Just one week on from the Portuguese Grand Prix, on a track that has only hosted two Formula 1 races, the World Championship now moves to the Barcelona-Catalunya Circuit in Montmeló, 25 kilometres from the Catalan capital, which has featured on the calendar every year since 1991. It also used to be the usual venue for pre-season testing, but this year, because of the pandemic, that was moved to Bahrain.
Difficult to overtake. The track layout, featuring high, medium and low speed corners, direction changes, undulations and a long start-finish straight, is a demanding test-bench of a car’s abilities. It is also one of the most difficult tracks for overtaking. Being close to the coast means that changes in wind direction are one of the factors to deal with, because it has a significant impact on the balance of the cars that run in a medium-high downforce configuration. There are two DRS zones, one on the main straight leading to the first chicane and another after turn 9 on the back straight that leads to turn 10, where it will make less of a difference under braking, but it will not be impossible to try a textbook overtaking move around the outside, relying on entry speed going into the turn. During the winter, major changes were actually made to turn 10, a very heavy braking point where it was easy to lock up the wheels and which now looks more like its original version. The radius is less tight, allowing for a higher speed through the turn.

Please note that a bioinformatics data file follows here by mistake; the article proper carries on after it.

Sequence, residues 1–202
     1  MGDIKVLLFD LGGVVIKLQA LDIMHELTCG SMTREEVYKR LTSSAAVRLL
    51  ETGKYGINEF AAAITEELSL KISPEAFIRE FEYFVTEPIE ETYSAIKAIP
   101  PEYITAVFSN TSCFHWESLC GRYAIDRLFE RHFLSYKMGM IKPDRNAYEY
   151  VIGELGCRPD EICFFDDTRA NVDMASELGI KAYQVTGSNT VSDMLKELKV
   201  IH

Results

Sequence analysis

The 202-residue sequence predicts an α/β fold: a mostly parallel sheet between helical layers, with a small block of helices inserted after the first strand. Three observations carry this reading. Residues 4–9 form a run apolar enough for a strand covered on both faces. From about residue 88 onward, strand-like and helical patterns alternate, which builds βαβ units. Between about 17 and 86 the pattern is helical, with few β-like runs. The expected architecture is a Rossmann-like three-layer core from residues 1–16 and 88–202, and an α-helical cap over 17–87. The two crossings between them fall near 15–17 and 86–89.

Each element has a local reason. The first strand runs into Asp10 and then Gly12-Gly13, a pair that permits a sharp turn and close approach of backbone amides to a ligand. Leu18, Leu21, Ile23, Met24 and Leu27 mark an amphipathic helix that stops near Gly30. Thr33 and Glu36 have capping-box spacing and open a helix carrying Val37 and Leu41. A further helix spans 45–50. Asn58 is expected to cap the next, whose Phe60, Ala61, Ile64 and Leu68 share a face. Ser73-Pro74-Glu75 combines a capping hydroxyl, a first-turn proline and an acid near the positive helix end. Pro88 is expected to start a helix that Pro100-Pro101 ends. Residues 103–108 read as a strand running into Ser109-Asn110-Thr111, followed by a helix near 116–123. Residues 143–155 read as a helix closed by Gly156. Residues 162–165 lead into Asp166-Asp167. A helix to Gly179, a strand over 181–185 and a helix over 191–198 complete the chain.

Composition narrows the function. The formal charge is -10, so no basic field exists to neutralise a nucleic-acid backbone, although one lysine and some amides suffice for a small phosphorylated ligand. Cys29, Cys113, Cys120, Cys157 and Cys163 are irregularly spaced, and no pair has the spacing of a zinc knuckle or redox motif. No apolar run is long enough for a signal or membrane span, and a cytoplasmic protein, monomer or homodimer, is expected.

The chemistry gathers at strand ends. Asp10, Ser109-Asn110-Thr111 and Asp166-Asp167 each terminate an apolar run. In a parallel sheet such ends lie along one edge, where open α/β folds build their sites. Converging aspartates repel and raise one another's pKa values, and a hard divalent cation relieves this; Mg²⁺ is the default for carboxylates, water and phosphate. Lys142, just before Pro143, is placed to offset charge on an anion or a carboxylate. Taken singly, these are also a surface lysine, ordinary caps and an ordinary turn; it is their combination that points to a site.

Home race. The Spanish Grand Prix is the home race for Carlos Sainz, who has always finished in the points in his six races at Montmeló. His best results so far are two sixth places, one last year and one in 2016, during his second season in Formula 1. As for Charles Leclerc, he finished fifth here in 2019 in the Ferrari SF90.
Programme. The cars take to the track for the first time on Friday, for the usual two hours of free practice, starting at 11.30 CET and 15. Qualifying takes place on Saturday at 15, preceded by the final free practice at 12. The Spanish Grand Prix gets underway on Sunday at 15, running over 66 laps of the 4.655 kilometre track, for a distance of 307.230 kilometres.
GP entered 1011
Seasons in F1 72
Debut Monaco 1950 (A. Ascari 2nd; R. Sommer 4th; L. Villoresi ret.)
Wins 238 (23.54%)
Pole positions 228 (22.55%)